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Bioassays to Investigate the Effects of Insect Oviposition on a Plant’s Resistance to Herbivores
生物测定法研究昆虫产卵对植物抵御食草动物的影响   

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Abstract

Plants respond to herbivory with diverse defence responses (Schoonhoven et al., 2005). Many herbivorous insects deposit their eggs on their host plants before their larvae start to feed. Thus, plants could use insect eggs as a signal to increase their resistance to herbivores. Here, we report experimental procedures to explore whether and how insect oviposition impacts on plant resistance against the feeding larvae. The described approach revealed that Nicotiana attenuata (N. attenuata) plants that were previously exposed to oviposition by lepidopteran moths respond to herbivory by generalist Spodoptera exigua (S. exigua) and specialist Manduca sexta (M. sexta) larvae with an increased induction of defence responses, which results in a decreased performance or immune state of the feeding larvae (Bandoly et al., 2015; Bandoly et al., 2016). Consequently, insect oviposition can prime feeding-induced plant defence (priming: an enhanced plant response to stress upon the experience of a prior stimulus; Hilker et al., 2015). Full-factorial experiments with standardised procedures for insect oviposition and larval herbivory allow to decipher the effect of the plant exposure to insect eggs on the larval performance, feeding damage and immune state as well as to discriminate egg-induced plant responses from egg-primed responses to larval feeding.

Materials and Reagents

  1. Reaction tubes, 0.2 ml (e.g., Carl Roth GmbH + Co. KG, catalog number: H560.1 )
  2. Reaction tubes, 1.5 ml or 2 ml (e.g., Carl Roth GmbH + Co. KG, catalog number: CK06.1 )
  3. Nicotiana attenuata Torr. ex. Watson (Solanaceae), 4-5 weeks old (rosette stage)
  4. Spodoptera exigua Hübner (Noctuidae, Lepidoptera) or Manduca sexta Linnaeus (Sphingidae, Lepidoptera)
  5. Liquid nitrogen
    Note: All materials and equipment used is rather general lab equipment or house ware and we just referred to example products we used.

Equipment

  1. General equipment
    1. A soft paint brush [e.g., Rotmarder 122A, size 2 (Habico, catalog number: 50122A10 )]
    2. Featherweight forceps (e.g., Carl Roth GmbH + Co. KG, catalog number: AN00.1 )
    3. Rearing boxes (e.g., 14 x 21 x 5 cm), lid with gauze (nylon mesh 0.12 mm width)
    4. Precision balance (e.g., Sartorius AG, model: Sartorius MC210S )

  2. Oviposition on plants
    1. Flight cages [e.g., kweekkooi, 60 x 60 x 90 cm (Vermandel, catalog number: 80.304 ) or flexarium, 42 x 42 x 76 cm (Rolf C. Hagen Inc., Exo Terra, model: PT2552 )]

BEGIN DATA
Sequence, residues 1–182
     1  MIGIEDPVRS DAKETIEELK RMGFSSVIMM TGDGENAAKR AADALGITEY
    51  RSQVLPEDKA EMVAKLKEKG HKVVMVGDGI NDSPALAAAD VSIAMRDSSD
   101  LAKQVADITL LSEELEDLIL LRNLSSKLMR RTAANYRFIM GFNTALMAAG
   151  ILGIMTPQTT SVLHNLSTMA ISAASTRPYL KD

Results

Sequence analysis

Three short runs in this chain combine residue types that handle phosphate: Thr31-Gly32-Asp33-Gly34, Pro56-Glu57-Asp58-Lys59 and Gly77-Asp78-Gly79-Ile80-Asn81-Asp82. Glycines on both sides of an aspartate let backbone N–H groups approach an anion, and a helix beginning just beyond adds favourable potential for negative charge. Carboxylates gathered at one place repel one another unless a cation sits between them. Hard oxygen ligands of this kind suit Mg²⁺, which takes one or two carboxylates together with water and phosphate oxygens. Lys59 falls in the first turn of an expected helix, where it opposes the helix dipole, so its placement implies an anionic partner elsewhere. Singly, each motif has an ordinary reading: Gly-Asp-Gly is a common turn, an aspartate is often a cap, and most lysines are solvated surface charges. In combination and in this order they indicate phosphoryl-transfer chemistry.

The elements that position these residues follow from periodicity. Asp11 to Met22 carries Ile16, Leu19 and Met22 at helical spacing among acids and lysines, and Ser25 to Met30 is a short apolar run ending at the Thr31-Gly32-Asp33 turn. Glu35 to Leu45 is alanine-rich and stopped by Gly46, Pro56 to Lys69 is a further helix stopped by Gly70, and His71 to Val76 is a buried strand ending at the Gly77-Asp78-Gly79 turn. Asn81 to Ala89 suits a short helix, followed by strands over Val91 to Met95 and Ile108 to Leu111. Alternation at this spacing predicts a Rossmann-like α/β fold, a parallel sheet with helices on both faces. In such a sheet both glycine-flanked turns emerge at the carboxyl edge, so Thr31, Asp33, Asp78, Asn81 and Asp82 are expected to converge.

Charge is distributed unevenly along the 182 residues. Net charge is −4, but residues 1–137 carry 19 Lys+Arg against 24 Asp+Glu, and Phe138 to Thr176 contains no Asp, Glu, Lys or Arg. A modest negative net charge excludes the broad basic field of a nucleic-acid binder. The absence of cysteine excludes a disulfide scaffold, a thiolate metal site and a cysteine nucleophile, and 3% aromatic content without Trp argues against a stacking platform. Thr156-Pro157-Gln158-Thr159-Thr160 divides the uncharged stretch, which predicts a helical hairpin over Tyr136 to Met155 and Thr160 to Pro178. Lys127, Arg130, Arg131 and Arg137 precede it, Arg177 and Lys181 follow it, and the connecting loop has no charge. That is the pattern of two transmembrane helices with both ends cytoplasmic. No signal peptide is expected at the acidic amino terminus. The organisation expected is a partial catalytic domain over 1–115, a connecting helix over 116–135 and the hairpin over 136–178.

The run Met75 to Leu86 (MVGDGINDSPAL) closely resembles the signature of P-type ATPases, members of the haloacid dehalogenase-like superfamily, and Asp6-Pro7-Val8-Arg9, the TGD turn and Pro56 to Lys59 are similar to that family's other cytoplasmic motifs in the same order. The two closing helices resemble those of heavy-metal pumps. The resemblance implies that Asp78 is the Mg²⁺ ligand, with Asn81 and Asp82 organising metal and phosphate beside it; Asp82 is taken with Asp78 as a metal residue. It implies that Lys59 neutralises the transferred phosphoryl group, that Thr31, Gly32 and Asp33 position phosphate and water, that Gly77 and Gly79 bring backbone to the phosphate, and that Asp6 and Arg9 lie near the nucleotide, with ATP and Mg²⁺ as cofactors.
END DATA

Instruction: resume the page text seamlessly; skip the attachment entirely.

Note: Flight cages eventually with slots at the cage sides through which defined leaves can be exposed and that can be closed with small claw hair clips.
    2. Hanging labels [e.g., Hängeetiketten, HERMA FACHSHOP, model: 6901 ]] or a thread
    3. Headlamp (e.g., Petzl, model: PIXA® 3 )

  3. Larval performance, feeding damage and haemolymph sampling
    1. Vented clip cages [e.g., made of two dressing cups (e.g., Ø 7.03, 2.3 cm (KIV-KREIS, catalog number: 770405509 )) with polyurethane foam at the rims, the bottom of one cup is replaced by gauze (nylon mesh 0.12 mm width) and the cage can be closed with small claw hair clips]
    2. Folding magnifier [e.g., TRIPLET 20x, 21 mm (Light In The Box Ltd., catalog number: 01239576 )]
    3. Laboratory support stand with clamps
    4. White board with reference areas (e.g., a laminated sheet of white paper with black squares of 1 x 1 cm)
    5. Camera [e.g., Canon EOS 1200D (Canon Inc., model: Canon EOS 1200D ) with EFS 18-25 mm macro lenses (Canon Inc., model: Canon EF-S 18-55mm f/3.5-5.6 IS II)]
  4. Standardised damage and harvest of leaf tissue for analyses of plant defence traits
    1. Vacuum pump (e.g., Vacuubrand, model: PC 510 )
    2. Teflon tube [e.g., outer Ø 1.6 mm (VWR International, catalog number: BOHLS1810-01 )]
    3. Glass vial with rubber septum cap [e.g., 4 ml HPLC vial (Techlab, catalog number: FLK 101.243 and FLK 101.972 )]
    4. Tracing/Pattern wheel (e.g., Nähmit, catalog number: 070210 )
    5. 10 µl pipette
    6. Scalpel (e.g., Carl Roth GmbH + Co. KG, catalog number: X004.1 )
    7. Dissecting forceps (e.g., Carl Roth GmbH + Co. KG, catalog number: 2690.1 )

Procedure